Annunciation
snakes come out of their burrows, and on Irminden their king comes out. Old people believe that those working in the fields on this day will be bitten by a snake in summer. In western Bulgaria people light fires, jump over them and make noises to scare snakes. Another custom is to prepare "podnici" (special clay pots made for baking bread). This day is especially observed by pregnant women so that their offspring do not catch "yeremiya" — an illness due to evil powers. Romania[edit] On May Day, the Romanians celebrate the arminden (or armindeni), the beginning of summer, symbolically tied with the protection of crops and farm animals. The name comes from Slavonic Jeremiinŭ dĭnĭ, meaning prophet Jeremiah's day, but the celebration rites and habits of this day are apotropaic and pagan (possibly originating in the cult of the god Pan). The day is also called ziua pelinului ("mugwort day") or ziua bețivilor ("drunkards' day") and it is celebrated to ensure good wine in autumn and, for people and farm animals alike, good health and protection from the elements of nature (storms, hail, illness, pests). People would have parties in natural surroundings, with lăutari (fiddlers) for those who could afford it. Then it is customary to roast and eat lamb, along with new mutton cheese, and to drink mugwort-flavoured wine, or just red wine, to refresh the blood and get protection from diseases. On the way back, the men wear lilac or mugwort flowers on their hats. Other apotropaic rites include, in some areas of the country, people washing their faces with the morning dew (for good health) and adorning the gates for good luck and abundance with green branches or with birch saplings (for the houses with maiden girls). The entries to the animals' shelters are also adorned with green branches. All branches are left in place until the wheat harvest when they are used in the fire which will bake the first bread from the new wheat. On May Day
May Day
eve, country women do not work in the field as well as in the house to avoid devastating storms and hail coming down on the village. Arminden is also ziua boilor (oxen day) and thus the animals are not to be used for work, or else they could die or their owners could get ill. It is said that the weather is always good on May Day
May Day
to allow people to celebrate. Portugal[edit] "Os Maios" is celebrated throughout Portugal, with special focus on the northern territories. These festivities are a continuum of the "Os Maios" of Galiza. People put the yellow flowers of Portuguese brooms, known as giestas, on windows, doors, gates and every doorway of houses, granaries, cars, etc., which they collect on the evening of the 30th of April when the Portuguese brooms are blooming, to defend those places from bad spirits, witches and the evil eye. This must be done before midnight. In ancient times, this was done while playing traditional night-music. In some places, children were dressed in these flowers and went from place to place begging for money or bread. On the 1st of May, people also used to sing "Cantigas de Maio", traditional songs related to this day and the whole month of May.[3] Spain[edit] May Day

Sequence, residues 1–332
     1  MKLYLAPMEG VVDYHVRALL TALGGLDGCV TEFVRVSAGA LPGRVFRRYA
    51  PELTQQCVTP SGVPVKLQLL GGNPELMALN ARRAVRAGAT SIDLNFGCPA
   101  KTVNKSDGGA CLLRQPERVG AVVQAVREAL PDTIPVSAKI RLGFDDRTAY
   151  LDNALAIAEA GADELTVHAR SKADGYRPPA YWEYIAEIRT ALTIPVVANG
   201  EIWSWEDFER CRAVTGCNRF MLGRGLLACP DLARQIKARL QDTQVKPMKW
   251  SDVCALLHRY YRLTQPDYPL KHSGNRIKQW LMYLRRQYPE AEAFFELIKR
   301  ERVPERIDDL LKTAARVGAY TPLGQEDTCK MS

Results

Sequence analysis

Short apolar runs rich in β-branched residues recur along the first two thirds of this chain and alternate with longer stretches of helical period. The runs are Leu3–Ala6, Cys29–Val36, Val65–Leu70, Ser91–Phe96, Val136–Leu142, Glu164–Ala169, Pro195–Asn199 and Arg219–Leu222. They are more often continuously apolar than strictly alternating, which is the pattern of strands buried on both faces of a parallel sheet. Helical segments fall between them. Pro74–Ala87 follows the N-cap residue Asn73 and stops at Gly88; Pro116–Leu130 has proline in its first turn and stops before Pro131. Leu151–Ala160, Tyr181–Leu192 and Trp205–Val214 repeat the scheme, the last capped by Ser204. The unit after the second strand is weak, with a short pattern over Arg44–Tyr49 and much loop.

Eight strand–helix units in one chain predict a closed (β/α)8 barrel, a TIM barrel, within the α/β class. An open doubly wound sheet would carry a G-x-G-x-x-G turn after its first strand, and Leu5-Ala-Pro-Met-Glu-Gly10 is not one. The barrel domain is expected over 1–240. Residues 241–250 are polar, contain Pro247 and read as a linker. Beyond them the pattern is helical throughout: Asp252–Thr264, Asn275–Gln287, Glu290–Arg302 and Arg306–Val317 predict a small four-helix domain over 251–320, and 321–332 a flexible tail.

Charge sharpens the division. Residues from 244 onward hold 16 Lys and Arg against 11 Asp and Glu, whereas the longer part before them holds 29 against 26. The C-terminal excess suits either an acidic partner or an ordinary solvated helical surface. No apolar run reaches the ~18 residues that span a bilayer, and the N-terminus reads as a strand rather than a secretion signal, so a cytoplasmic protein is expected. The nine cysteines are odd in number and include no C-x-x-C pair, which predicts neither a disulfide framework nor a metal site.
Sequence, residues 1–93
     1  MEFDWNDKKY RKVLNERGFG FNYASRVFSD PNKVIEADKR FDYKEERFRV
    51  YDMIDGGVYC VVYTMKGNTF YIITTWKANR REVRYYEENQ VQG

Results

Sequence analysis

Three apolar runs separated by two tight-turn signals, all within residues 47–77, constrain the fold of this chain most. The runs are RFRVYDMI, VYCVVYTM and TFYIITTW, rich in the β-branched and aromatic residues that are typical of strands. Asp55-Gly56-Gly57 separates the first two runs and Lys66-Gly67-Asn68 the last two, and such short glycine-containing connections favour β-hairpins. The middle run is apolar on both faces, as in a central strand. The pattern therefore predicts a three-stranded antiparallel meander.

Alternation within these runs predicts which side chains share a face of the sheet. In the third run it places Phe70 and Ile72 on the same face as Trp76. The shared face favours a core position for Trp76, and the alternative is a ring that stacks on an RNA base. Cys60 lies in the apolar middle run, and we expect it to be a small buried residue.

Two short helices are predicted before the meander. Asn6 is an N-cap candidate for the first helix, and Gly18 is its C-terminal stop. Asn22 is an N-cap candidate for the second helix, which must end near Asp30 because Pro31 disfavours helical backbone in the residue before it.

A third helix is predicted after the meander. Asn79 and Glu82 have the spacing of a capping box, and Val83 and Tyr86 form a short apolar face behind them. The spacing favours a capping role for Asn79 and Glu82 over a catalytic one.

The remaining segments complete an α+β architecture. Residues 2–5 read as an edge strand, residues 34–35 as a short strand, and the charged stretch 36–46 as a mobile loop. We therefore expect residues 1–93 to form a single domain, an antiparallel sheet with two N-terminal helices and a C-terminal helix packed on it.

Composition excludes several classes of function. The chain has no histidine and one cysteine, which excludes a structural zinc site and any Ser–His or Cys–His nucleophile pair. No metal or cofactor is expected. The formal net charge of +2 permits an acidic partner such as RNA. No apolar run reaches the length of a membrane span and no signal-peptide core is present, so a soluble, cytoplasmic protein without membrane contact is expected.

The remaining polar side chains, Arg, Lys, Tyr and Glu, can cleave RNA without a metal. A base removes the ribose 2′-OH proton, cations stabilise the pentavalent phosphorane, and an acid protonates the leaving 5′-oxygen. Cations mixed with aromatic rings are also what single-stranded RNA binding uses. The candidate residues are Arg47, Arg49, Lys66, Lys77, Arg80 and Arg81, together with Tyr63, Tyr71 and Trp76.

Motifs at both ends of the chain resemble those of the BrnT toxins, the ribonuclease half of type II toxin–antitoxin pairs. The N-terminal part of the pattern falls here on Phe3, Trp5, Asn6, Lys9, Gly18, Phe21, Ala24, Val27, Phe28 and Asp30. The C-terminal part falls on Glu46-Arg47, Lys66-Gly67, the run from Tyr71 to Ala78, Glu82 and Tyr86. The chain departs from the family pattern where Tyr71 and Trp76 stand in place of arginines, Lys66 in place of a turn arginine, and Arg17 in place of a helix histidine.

May Day
is celebrated throughout the country as Los Mayos (lit. "the Mays") often in a similar way to "Fiesta de las Cruces" in many parts of Hispanic America. By way of example, in Galicia, the festival (os maios, in the local language) consists in different representations around a decorated tree or sculpture. People sing popular songs (also called maios,) making mentions to social and political events during the past year, sometimes under the form of a converse, while they walk around the sculpture with the percussion of two sticks. In Lugo[23] and in the village of Vilagarcía de Arousa[24] it was usual to ask a tip to the attendees, which used to be a handful of dry chestnuts (castañas maiolas), walnuts or hazelnuts. Today the tradition became a competition where the best sculptures and songs receive a prize.[25] In the Galician city of Ourense
Ourense
this day is celebrated traditionally on 3 May, the day of the Holy Cross, that in the Christian tradition replaced the tree "where the health, life and resurrection are," according to the introit of that day's mass.[26] Sweden[edit] The more traditional festivities have moved to the day before, Walpurgis Night
Walpurgis Night
("Valborgsmässoafton"), known in some locales as simply "Last of April". The first of May is instead celebrated as International Workers' Day. Poland[edit] In Poland, there is a state holiday on May 1.[27][28] It is currently celebrated without a specific connotation, and as such it is May Day. However, due to historical connotations, most of the celebrations are focused around Labour Day
Labour Day
festivities. It is customary for labour activists and left-wing political parties to organize parades in cities and towns across Poland
Poland
on this day. The holiday is also commonly referred to as "Labour Day" ("Święto Pracy"). In Poland, May Day
May Day